You will prepare and submit a term paper on The Queer Asian American Diaspora. Your paper should be a minimum of 1250 words in length.

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You will prepare and submit a term paper on The Queer Asian American Diaspora. Your paper should be a minimum of 1250 words in length. This is also more evident because of the religion that most Asian societies adhere to. Faiths among Asian cultures are observed with conservative religiosity. Among others, these factors make it challenging for the queer Asian American to foster a reassured life with himself and his community truly. An ideal existence where he is comfortable with his multiple identities to co-exist is a challenge to the queer Asian American diaspora.

&nbsp.&nbsp.&nbsp.&nbsp.&nbsp.&nbsp.&nbsp.&nbsp.&nbsp.&nbsp.&nbsp. Raja G. Bhattar and Nathaniel A. Victoria, in their article titled Rainbow Rice: A Dialogue between Two Asian American Gay Men in Higher Education and Student Affairs, explores their identity as gay men belonging to Asian communities in the United States and how it has affected their full realization of their sexuality. Further complicating their coming out process is their strong religious backgrounds that had always been part of their childhood identity. Nathan was brought up in a strictly Catholic background and went to a Catholic school, which had never encouraged openly gay students. Raja is in an even deeper predicament as he is Hindu, but his family came from a long line of priests. The discord between homosexuality and religion is not an uncommon theme in sexual identity. But the reality of this struggle becomes pressing when one’s own family consciously urges strict gender adherence. These two men had always had a problem in coming out even to their own family, who remain unaccepting and considers their sexuality a matter of choice. Nathan states, “My Catholic religion and my Filipino American cultural identity did not provide the channels I need to express myself” (Bhattar and Victoria 43). This same feeling was shared by Raja, who is subject to an even bigger predicament.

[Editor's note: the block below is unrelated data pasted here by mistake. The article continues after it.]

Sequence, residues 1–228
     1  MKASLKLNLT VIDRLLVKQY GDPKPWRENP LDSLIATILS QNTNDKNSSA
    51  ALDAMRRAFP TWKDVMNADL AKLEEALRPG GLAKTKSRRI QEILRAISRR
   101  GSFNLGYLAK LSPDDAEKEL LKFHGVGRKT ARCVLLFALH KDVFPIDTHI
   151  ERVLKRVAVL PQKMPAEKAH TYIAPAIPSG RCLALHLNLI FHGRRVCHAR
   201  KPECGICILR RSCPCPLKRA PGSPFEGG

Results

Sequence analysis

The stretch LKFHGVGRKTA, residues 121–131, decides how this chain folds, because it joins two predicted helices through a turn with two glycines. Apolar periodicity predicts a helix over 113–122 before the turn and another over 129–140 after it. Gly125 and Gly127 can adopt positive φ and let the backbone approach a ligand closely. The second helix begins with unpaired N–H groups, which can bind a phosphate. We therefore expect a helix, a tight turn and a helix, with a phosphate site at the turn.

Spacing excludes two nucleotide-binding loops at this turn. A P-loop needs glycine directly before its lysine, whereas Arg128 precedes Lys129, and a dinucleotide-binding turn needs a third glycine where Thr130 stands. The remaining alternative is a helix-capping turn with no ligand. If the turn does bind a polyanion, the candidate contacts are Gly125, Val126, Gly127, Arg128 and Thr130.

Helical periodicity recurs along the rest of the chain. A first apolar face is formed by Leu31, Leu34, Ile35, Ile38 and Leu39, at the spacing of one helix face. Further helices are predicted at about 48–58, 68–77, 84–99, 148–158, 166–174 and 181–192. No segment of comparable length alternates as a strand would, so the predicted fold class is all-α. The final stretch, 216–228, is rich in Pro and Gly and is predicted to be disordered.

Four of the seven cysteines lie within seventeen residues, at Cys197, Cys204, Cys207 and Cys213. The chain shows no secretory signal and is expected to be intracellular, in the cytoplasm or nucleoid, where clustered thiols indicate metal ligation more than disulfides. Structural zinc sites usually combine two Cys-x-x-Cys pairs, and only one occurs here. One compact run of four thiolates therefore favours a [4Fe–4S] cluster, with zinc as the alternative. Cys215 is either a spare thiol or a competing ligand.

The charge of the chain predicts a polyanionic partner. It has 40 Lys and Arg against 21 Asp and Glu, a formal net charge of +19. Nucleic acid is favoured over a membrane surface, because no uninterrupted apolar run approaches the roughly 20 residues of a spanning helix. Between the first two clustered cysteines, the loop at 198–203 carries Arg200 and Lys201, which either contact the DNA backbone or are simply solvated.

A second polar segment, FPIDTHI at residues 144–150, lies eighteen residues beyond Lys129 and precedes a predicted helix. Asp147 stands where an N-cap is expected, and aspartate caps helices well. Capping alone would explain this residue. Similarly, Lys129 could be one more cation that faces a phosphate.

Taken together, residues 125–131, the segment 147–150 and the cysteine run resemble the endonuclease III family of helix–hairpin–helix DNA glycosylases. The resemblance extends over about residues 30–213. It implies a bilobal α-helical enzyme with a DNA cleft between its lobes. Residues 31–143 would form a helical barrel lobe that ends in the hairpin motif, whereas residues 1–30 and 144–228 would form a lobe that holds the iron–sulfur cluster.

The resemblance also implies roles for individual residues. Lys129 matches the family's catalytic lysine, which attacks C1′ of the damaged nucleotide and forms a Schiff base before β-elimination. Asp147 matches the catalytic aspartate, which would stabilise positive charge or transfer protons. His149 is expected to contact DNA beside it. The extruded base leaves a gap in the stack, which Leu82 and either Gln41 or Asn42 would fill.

Indian culture strongly believes in arranged marriages, and my mother has already chosen a bride. This poor woman is now waiting for me to marry her and be her Prince Charming. The problem is, I want my own Prince Charming, too.&nbsp. (Bhattar and Victoria, 42).

The muddled understanding of South Asian disposition to regard homosexuality as a Western creation is perhaps the distinctive factor that explains why between Nathan and Raja, the latter experiences more persistent complications about his ethnic background. Another Indian American LGBT recognized this same idea in Jasbir Puar.

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